Have a good week wherever you are, and try to open your hearts as much as you can… there’s a lot to be gained by it, and little to lose.


Stop dreaming of the quiet life

Thought we might as well have a bit of the Jam this morning.

Well, why not?

I’ve been suffering with a cold for the last two weeks – not to mention the fact that I can’t seem to get warm. I can’t remember the last time I felt warm – and with this week’s temperatures due to hit -5°C after last week’s -8°C, I’m not looking forwards to it. Thermals out once more. It’s not going to be that lovely blue crisp wintery cold either – just a miserable, grey overcast one.

If last year was the year of photoshop, this year has been the year of monkeying about with dog stuff. By the way, I ended up doing lots of fun stuff on Photoshop, just playing about. Usually, I use Picmonkey for a bit of touching up because it’s so quick and my work process is short, but it does make me giggle with the things you can do on PS.


Anyhow, I’ve moved back from messing around on PS to dog behaviour stuff. I just finished Barbara Handelman’s very excellent Photo Ilustrated Guide of Canine Behaviour, which kind of combined photos of dogs and a dictionary of behaviours. I spent a lot of the week staring at Tilly’s whisker bed. Like I need to see her whisker bed bump up to know she’s pissed off. That dog is very good at making her feelings known to the world, the diva. My last assignment was on aggression – can’t believe I’ve done ten assignments. I’m one away from an intermediate diploma and about half the way through the course. I got a bit sidetracked by a series of lectures from dog guru Ian Dunbar, which have been entertaining to say the least. Yesterday, it was a lecture about canine aggression and he made the very valid point that if cats had the same size range as dogs do, we’d be in a lot of trouble. Can you imagine using punishment or aversion on a 50kg cat? We’re very lucky that dogs are as restrained as they are.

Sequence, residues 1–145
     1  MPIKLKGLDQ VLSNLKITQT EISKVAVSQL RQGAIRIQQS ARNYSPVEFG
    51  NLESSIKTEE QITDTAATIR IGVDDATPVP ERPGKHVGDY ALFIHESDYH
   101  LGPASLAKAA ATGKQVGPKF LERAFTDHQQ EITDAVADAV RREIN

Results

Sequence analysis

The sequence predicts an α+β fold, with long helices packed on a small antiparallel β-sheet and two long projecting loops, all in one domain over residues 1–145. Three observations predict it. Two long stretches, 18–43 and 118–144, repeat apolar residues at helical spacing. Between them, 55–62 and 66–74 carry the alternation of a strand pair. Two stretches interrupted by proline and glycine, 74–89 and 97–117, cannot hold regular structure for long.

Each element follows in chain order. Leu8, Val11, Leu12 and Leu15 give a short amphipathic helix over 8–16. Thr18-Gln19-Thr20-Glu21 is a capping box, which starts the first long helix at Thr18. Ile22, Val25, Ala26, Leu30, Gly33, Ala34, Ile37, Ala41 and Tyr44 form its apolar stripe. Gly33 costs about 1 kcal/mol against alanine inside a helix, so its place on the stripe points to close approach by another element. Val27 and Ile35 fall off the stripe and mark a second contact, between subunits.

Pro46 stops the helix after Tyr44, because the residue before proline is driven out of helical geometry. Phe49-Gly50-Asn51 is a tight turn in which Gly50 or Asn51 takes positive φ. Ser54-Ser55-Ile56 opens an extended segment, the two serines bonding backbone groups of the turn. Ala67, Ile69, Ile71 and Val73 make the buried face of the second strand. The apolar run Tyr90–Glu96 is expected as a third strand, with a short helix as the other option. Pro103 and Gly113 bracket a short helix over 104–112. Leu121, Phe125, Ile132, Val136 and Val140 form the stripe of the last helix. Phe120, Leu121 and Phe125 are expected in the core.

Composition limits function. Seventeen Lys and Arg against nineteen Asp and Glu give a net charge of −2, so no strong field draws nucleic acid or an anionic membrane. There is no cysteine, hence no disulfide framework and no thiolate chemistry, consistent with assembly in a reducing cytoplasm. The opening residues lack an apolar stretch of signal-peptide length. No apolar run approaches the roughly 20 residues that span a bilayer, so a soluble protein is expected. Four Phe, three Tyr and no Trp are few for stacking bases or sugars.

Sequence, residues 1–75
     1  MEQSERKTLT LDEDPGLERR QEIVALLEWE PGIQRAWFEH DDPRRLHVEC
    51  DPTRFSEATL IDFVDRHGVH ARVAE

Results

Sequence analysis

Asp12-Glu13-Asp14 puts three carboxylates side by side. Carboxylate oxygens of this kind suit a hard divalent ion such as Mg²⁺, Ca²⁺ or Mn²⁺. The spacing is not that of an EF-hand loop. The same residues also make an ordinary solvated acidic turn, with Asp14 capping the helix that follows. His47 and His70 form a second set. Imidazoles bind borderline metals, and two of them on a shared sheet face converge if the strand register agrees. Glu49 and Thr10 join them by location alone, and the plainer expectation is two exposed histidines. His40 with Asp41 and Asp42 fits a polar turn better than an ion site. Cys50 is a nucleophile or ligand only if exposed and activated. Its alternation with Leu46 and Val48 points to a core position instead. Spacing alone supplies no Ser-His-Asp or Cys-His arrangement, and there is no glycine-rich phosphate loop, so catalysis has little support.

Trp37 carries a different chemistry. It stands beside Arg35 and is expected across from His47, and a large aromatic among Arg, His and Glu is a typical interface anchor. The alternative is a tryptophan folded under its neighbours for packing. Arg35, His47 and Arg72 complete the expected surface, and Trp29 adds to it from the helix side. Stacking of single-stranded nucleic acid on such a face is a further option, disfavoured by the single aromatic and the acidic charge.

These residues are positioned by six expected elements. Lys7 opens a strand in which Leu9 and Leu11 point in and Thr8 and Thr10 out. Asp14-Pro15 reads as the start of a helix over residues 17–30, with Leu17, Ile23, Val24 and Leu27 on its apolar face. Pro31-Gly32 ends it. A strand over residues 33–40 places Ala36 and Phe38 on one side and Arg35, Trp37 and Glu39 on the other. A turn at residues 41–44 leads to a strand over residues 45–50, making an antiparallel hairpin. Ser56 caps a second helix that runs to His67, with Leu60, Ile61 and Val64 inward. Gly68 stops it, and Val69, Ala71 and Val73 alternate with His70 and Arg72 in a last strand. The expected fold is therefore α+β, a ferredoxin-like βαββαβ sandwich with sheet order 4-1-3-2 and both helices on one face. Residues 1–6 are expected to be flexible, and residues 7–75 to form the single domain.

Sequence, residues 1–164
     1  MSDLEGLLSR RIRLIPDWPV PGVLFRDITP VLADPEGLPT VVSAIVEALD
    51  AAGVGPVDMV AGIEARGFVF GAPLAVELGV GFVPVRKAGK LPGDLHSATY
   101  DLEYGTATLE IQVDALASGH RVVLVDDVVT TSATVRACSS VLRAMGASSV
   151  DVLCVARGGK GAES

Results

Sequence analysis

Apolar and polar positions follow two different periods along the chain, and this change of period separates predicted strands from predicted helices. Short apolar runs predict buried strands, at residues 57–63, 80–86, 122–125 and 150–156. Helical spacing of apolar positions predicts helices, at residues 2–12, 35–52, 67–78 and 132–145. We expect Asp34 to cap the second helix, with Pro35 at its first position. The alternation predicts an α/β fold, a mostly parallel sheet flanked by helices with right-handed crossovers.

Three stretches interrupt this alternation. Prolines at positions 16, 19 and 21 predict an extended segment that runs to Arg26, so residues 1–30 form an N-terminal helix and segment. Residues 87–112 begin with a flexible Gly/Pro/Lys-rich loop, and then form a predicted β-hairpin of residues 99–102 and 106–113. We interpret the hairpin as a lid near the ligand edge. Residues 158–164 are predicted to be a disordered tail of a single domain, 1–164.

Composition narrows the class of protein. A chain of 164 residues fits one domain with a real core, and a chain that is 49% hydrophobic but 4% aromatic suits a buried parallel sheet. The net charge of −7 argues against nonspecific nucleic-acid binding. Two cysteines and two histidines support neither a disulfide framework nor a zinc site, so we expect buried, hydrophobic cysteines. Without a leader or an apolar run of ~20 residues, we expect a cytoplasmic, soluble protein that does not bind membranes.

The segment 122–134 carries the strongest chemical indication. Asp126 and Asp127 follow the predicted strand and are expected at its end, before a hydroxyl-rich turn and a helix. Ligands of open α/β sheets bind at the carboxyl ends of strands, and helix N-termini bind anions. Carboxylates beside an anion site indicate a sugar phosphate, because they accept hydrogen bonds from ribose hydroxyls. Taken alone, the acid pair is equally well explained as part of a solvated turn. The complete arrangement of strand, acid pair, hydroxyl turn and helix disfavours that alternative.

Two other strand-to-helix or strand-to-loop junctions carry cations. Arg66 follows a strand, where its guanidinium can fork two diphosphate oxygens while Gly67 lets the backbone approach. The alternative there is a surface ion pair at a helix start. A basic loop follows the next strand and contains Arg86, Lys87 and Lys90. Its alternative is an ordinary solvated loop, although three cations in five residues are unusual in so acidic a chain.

This week, a couple of investigations for the shelter to catch up on, and then a few other work tasks to keep me busy in the freezing weather. Mock exams are all finished and I have a reasonable timetable again… until it gears up for the next round! I think in between times, I will be staying in bed as long as possible and trying to keep warm! Not always possible, I know. I have a little foster here for the winter and I really, really need him to find a home…


He’s a very sweet little dog but doesn’t like being alone. Luckily he has the other dogs to keep him company here, but – to be frank – I’m in need of a break from fostering and constant changes. I’ve not had my own dogs here by themselves since back in July. Most of the time I’ve been at six dogs minimum for the last seven months. It is exhausting.

Plus, Amigo had a stroke on Friday night. He shot out of bed like something had bitten him, then was staggering around. His eyes were flicking left and right and he couldn’t stand up. He had a calm moment, then another one, worse this time, with convulsions. A third happened a couple of hours later, then a fourth in the middle of the night. Luckily, I was here for them all and I never left his side, but it’s horrible not being able to stop it. The vet was really reassuring and he had a full panel of blood work on Saturday, which showed no underlying problem other than age, which is a good thing in itself. But only two months after Tobby died, I’m not ready to go through it again.

Anyway, have the most marvellous of weeks and remember that it is 57 days until spring starts on the 20th March. I’ll be counting down the days, I promise!

A wild nobility

Because we all need a bit more crazy in our lives today … Here’s my favourite nutbag Adam and his famous Ants

When you’re an eight-year-old girl, your passions run deep. My only real passions were ballet, my teacher Mr Parks, Adam Ant and palomino horses. No wonder my life went so wrong. It set an early pattern, that. When you like crazy men in make-up and thigh boots, your life is never going to be normal, is it?

In 1981, it was a choice between Shakin’ Stevens, Bucks Fizz and Adam and the Ants. A little band called Hanoi Rocks might have also been making music, Punk might have had some last gasps with The Exploited and Siouxsie and the Banshees, but a girl only had Top of the Pops to go off. Could have been worse. Joe Dolce’s Shaddap You Face kept Ultravox’s divine Vienna off the number 1 spot. There were some good songs in 1981… Under Pressure, Ghost Town, Stand and Deliver, Prince Charming, Vienna, Happy Birthday. Happy days indeed. 8 was definitely a good age for me.